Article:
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  • Pulling Over

    Simple question. As a LEO, where do you want people (who you are pulling over) to pull over? Should people pull over ASAP or should they reduce speed and find a place that is safe for the officer to exit the vehicle and such?

    A lot of the streets around me have no break down lane but have very high speeds (35, 40). I have never been pulled over, but yesterday a cop came down the roads w. lights and sirens so I quickly pulled over. After he passed I realized that had he been stopping me and I had pulled over there he would be in serious threat of being hit. That happened to a Troopers last year. I thought about the guy who was being pulled over. I'd feel part of it was my responsibility for not finding a safer place for the officer to get out. (Not to victimize the guy being pulled over, mind you. Just an honest assessment.)

  • #2
    We pick the spot of the stop, not you. The average citizen has NO IDEA what a safe place to stop is. Pull over TO THE RIGHT as soon as the lights come on. Do NOT dynamite the brakes, but please come to a safe stop.
    Originally posted by kontemplerande
    Without Germany, you would not have won World War 2.

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    • #3
      Is that why cops will tail you for a while and then throw up the lights?

      Curious, not so I can go and look for the safe spot next time I get lit up, but what makes a spot "safe"?

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      • #4
        I want you to pull over where I light you up. I'm starting to get fed up with people that want to go through several stop lights and turn into parking lots (and quite often blocking in other people). I'm almost to point of issuing additional citations to people who don't pull over immediately.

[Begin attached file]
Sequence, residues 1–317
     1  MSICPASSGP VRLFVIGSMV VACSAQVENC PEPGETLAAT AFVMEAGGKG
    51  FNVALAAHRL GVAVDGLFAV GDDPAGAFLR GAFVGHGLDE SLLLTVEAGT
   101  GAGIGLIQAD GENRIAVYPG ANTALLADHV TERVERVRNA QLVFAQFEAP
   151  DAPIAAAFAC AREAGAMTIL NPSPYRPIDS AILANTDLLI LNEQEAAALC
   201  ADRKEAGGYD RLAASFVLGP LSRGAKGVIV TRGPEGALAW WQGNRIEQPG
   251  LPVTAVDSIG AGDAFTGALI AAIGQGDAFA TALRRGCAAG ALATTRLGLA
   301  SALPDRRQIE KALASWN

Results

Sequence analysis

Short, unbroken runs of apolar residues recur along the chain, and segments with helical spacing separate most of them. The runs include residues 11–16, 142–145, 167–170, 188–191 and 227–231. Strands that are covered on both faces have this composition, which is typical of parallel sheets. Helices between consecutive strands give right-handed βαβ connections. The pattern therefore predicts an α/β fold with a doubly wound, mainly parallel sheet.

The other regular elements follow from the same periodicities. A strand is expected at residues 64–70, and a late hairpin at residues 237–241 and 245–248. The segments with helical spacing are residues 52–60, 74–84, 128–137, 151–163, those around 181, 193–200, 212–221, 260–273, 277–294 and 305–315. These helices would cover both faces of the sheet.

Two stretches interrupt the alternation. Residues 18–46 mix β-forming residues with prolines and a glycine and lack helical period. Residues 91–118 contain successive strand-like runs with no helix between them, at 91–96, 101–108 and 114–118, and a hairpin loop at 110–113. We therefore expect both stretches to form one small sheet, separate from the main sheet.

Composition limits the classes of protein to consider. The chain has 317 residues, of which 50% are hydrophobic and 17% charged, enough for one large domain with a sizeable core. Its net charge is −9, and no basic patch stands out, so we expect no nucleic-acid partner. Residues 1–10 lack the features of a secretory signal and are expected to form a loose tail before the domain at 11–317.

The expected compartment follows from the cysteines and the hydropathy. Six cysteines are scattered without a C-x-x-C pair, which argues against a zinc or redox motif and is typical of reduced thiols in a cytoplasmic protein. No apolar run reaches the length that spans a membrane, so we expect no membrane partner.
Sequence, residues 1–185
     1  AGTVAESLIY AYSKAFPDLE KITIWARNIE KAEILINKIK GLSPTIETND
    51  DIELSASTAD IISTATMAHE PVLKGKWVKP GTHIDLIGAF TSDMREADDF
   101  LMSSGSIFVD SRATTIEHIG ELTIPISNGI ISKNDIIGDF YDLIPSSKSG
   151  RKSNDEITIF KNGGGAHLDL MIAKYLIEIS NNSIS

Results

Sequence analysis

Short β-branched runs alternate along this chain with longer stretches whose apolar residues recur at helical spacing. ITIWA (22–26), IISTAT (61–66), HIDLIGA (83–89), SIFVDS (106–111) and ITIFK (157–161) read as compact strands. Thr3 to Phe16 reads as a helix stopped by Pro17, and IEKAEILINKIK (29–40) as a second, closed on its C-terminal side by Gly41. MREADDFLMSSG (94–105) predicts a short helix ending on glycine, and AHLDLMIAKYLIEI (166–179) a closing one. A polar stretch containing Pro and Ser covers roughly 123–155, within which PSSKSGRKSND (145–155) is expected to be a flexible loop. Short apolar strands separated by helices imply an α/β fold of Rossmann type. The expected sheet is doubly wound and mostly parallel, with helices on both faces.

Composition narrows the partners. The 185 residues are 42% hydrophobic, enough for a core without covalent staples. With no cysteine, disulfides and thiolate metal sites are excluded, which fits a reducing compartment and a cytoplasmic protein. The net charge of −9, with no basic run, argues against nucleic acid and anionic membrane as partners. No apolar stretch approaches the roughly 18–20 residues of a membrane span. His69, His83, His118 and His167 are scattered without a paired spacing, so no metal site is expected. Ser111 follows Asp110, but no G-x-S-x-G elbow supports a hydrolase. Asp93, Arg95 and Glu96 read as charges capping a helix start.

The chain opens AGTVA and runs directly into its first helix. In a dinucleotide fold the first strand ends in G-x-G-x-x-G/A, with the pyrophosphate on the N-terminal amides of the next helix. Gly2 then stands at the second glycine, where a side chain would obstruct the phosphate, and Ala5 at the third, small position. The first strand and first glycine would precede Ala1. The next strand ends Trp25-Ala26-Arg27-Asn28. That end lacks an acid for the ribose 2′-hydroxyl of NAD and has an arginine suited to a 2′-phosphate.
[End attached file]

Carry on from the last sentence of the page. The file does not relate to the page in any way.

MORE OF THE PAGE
I'm not trying to be a jerk about it. But the law is clear, pull over to the right and stop. It is also in the driving manual and a test question on the Missouri driver's license exam.

        Other then that, quite often in traffic I may be trying to stop cars up the road, you don't know if I'm stopping you or someone else and if you keep driving down the road, it just makes things harder for me if you keep rolling. If you see the lights in the rearview mirror, pull over to the right and *stop* immediately, it is the law.

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        • #5
          Pull over to the right and stop immediately, unless directed otherwise by the officer through his loudspeaker. You are not qualified to decide where a safe place to stop is. The officer is the one who knows how he is handling the stop.
          Government is not the solution to our problem; government is the problem. - Ronald Reagan

          I don't think It'll happen in the US because we don't trust our government. We are a country of skeptics, raised by skeptics, founded by skeptics. - Amaroq

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          • #6
            We have several streets in my town that are two lanes, both one way, with parking on the left side of the street. I have often wondered if someone is pulled over, should we stop in the right lane, (no shoulder) or pull over on the left side of the street like we are parking? I hope this makes sense. Thanks guys.
            When I stand before God at the end of my life, I would hope that I would not have a single bit of talent left, and could say, "I used everything you gave me."

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            • #7
              I don't turn on the lights until we've reached what I consider a safe location. Making me follow you until you feel safe is at bare minimum a guaranteed ticket for what I initially stopped you for, and that's assuming I haven't already started to call in a failure to stop on the radio. Best bet is to pull over to the right immediately.

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              • #8
                Obviously there is no blanket statement that will cover all situations as evidently different officers will feel and behave differently in the same situation. Different states may have different laws as well regarding the safe and reasonable manner to yield to an enforcement stop. California Vehicle code states a driver "shall yield the right-of-way and shall